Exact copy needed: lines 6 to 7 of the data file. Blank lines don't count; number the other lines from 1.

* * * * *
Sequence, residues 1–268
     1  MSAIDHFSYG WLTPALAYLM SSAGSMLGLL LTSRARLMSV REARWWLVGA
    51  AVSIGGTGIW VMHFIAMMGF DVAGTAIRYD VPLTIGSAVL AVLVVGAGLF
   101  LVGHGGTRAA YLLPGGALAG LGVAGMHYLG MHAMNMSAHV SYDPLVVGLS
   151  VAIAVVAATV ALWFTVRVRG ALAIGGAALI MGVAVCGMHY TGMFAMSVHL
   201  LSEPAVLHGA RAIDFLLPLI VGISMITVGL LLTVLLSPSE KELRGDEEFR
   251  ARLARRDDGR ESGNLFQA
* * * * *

   201  LSEPAVLHGA RAIDFLLPLI VGISMITVGL LLTVLLSPSE KELRGDEEFR
   251  ARLARRDDGR ESGNLFQA